LONDON – Asian gas prices declined below U.K. costs for the first time in more than four years, doubling the number of shipments expected in Britain this quarter.
The CHART OF THE DAY shows that spot liquefied natural gas for northeast Asia fell 64 percent over the past year to 5 percent less than day-ahead gas on the U.K.’s National Balancing Point. That increased LNG deliveries to the U.K. to seven tankers in January from one a year earlier, according to port and ship-tracking data.
“Over the last few years we have seen cargoes diverted from the Atlantic to Pacific basin given the wide price differentials between LNG and NBP,” Neil Beveridge, a Hong Kong-based analyst at Sanford C. Bernstein, said by e-mail Thursday. “In the short term this trend will likely reverse.”
LNG imports to the U.K., Europe’s biggest gas market, may more than double this quarter from a year earlier, according to Energy Aspects Ltd., a consulting company in London. Spot LNG in Asia, which uses three-quarters of the world’s supply of the gas chilled to minus 170 degrees Celsius (minus 274 Fahrenheit), declined amid warmer-than-usual weather in the region and as oil’s biggest drop since 2008 made long-term contracts cheaper.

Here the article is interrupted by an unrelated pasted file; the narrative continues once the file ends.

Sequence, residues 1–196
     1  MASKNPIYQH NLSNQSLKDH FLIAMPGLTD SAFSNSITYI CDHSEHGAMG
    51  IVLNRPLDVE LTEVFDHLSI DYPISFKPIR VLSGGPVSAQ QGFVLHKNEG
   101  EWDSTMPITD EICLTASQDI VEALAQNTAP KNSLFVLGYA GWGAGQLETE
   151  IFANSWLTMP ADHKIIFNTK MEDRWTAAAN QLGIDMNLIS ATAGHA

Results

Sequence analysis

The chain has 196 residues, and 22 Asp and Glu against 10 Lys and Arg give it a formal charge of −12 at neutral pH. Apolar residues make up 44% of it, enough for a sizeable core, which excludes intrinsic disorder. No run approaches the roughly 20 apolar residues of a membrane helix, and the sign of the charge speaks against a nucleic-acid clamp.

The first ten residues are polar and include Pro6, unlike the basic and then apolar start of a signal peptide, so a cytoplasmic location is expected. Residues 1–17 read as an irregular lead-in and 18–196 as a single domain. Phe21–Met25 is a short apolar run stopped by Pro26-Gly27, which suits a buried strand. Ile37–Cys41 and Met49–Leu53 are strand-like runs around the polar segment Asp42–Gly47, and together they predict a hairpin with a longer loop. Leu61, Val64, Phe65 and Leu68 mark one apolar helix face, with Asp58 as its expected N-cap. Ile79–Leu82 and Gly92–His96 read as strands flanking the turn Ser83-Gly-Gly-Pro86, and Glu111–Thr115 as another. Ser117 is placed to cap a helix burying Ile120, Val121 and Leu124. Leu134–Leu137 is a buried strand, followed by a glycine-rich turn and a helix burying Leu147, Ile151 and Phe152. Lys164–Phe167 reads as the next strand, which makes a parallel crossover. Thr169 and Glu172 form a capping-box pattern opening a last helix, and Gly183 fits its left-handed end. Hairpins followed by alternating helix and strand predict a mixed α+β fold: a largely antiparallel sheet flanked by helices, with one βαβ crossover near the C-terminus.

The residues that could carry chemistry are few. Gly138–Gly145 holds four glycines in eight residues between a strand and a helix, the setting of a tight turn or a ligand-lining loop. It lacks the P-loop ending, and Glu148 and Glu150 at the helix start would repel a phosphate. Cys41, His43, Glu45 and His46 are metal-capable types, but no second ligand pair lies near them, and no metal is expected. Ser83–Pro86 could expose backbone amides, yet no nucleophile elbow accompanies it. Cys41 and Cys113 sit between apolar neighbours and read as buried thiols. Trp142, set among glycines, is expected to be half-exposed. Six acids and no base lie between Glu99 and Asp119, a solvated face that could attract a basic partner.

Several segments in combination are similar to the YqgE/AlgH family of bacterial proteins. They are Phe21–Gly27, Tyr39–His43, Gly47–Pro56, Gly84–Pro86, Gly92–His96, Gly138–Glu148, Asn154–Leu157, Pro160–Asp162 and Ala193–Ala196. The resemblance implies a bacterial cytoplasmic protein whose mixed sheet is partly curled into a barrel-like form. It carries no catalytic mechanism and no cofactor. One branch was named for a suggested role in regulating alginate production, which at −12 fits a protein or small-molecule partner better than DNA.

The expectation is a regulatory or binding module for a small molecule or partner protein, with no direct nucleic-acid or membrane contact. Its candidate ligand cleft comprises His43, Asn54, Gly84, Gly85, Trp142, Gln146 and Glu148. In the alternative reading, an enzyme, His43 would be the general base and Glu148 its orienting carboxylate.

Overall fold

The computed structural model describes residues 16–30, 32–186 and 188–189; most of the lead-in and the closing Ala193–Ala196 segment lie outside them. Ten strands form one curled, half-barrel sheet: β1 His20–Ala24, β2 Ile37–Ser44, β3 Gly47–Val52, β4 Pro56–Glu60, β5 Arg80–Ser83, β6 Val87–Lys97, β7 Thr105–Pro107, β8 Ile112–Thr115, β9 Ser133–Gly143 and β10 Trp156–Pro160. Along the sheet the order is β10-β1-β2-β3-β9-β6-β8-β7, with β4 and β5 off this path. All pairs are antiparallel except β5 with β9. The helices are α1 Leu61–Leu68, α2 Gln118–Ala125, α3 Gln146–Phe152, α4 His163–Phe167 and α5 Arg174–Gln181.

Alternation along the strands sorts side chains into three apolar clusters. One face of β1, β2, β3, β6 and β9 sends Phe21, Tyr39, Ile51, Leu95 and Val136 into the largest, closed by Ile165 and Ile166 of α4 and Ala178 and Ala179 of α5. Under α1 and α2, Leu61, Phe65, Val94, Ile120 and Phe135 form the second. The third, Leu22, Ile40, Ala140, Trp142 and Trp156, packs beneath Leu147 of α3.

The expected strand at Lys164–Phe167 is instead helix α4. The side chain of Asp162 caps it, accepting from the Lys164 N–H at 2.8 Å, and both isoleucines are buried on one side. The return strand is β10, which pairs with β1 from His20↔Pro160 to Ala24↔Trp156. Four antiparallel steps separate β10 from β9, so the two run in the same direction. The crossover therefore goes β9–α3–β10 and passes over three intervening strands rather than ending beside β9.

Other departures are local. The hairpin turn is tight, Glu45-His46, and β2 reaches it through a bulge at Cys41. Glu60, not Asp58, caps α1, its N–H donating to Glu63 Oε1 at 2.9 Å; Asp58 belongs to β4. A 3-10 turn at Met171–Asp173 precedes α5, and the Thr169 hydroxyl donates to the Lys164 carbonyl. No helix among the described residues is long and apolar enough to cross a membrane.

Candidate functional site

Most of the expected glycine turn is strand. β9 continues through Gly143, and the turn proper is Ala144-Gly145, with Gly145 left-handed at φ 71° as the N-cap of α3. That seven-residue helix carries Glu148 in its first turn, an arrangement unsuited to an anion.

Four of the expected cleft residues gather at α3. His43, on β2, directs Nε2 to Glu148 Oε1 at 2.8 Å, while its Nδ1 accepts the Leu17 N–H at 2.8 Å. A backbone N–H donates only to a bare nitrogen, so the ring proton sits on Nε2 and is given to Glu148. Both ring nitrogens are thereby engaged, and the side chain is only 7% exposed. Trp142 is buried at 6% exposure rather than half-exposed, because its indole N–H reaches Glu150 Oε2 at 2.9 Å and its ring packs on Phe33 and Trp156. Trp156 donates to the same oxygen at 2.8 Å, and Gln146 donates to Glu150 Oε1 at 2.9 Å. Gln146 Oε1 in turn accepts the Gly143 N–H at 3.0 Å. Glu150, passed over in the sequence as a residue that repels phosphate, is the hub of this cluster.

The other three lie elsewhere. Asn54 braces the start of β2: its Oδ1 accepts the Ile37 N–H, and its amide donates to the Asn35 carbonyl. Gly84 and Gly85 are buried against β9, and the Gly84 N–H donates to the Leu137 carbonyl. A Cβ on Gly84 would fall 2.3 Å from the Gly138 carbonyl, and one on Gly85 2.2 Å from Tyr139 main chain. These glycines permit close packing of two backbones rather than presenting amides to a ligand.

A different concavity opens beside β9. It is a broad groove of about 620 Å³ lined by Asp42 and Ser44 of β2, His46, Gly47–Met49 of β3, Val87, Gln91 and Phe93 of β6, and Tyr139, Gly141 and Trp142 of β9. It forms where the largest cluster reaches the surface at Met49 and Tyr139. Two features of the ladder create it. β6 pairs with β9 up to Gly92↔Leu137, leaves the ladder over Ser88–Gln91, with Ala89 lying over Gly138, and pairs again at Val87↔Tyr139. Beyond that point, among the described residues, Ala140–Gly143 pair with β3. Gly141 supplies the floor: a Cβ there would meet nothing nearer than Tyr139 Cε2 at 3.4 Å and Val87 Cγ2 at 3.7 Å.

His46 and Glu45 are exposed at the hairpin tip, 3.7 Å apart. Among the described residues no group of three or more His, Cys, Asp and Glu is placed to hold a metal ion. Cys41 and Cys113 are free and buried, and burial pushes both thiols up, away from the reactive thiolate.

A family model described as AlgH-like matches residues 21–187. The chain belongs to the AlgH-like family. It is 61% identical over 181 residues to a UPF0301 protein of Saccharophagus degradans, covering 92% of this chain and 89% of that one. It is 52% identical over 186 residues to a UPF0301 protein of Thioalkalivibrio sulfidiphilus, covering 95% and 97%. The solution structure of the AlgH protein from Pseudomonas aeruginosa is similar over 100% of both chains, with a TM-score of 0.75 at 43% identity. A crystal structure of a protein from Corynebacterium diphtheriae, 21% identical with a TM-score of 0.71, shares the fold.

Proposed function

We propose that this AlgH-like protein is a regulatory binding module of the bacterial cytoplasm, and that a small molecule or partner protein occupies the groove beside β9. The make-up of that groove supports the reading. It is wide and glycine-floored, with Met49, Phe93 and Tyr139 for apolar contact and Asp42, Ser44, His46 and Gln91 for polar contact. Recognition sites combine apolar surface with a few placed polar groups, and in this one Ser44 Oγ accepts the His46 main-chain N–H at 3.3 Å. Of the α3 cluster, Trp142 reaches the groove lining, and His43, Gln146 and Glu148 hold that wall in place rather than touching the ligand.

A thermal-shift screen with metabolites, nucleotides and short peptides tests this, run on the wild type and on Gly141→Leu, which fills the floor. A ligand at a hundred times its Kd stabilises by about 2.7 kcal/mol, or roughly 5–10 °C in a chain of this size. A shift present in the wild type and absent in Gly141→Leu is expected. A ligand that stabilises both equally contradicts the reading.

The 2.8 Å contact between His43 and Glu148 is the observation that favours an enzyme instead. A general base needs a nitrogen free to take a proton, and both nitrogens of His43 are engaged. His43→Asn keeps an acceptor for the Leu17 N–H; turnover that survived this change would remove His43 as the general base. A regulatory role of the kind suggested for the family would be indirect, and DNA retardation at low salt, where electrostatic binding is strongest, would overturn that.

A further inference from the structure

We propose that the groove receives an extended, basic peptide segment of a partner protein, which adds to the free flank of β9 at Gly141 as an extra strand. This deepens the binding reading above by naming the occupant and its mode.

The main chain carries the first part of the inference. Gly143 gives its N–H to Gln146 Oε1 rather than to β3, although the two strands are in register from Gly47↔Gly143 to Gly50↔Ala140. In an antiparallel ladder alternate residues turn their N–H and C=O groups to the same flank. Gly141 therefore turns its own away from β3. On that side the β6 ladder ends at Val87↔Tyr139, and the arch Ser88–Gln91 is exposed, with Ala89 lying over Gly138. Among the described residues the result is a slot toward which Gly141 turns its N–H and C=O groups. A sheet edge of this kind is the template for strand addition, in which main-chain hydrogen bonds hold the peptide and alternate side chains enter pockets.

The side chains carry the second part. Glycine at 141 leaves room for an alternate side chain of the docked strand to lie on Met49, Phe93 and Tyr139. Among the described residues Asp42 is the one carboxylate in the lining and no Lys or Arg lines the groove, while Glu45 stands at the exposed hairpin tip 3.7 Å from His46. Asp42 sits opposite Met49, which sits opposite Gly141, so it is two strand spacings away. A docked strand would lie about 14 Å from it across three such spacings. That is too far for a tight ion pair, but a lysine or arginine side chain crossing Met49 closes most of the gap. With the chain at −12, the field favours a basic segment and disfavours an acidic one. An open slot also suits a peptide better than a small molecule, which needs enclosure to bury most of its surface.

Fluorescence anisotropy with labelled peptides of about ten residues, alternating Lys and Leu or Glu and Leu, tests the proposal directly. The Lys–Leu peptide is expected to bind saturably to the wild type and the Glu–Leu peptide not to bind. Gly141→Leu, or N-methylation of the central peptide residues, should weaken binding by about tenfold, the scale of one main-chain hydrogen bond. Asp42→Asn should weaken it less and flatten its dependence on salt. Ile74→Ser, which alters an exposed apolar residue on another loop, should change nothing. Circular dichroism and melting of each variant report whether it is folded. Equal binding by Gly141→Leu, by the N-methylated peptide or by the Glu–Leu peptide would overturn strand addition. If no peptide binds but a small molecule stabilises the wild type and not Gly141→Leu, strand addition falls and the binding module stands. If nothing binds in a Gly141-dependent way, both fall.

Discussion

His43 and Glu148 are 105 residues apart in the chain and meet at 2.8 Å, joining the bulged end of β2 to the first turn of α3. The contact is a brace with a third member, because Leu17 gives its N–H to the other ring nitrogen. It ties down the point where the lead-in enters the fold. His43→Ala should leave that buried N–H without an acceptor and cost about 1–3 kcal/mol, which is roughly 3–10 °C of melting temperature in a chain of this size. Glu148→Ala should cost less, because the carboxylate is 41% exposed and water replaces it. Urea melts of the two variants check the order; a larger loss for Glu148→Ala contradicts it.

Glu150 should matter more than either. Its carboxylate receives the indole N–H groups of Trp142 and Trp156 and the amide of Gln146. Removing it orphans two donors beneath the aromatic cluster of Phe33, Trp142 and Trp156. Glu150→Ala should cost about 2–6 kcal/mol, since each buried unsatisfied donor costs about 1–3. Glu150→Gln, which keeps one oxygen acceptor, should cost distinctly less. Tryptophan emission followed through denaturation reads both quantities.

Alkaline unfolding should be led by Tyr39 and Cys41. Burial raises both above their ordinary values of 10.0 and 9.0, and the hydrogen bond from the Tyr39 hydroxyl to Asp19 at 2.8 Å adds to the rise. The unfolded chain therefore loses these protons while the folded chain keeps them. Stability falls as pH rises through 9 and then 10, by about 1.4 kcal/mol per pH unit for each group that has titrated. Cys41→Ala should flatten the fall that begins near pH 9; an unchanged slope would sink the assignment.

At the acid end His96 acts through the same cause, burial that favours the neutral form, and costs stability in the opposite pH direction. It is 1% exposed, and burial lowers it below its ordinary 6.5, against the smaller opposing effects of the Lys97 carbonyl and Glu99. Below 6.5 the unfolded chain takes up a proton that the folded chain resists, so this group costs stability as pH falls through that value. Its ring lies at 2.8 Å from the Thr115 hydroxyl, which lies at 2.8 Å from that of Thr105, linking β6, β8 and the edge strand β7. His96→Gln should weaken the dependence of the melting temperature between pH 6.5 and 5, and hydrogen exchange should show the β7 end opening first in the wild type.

Spot LNG for northeast Asia fell 6.7 percent to US$7 a million British thermal units in the week ending Feb. 2, according to World Gas Intelligence assessments for cargoes to be delivered in four to eight weeks. Day-ahead prices on the NBP rose 10 percent in the period to 48.7 pence a therm (US$7.40 per million British thermal units) on Feb. 2,.
About 27 percent of the 299 billion cubic meters (10.6 trillion cubic feet) of LNG shipped a year comes from spot and short-term contracts, according to the International Group of LNG Importers. While northwest Europe won’t draw all the available spot cargoes because of the market’s immaturity and low liquidity, imports in March will be higher than in previous months, Alan Whitefield, managing director of gas and LNG consultant AW Energy Solutions, said Wednesday by e-mail.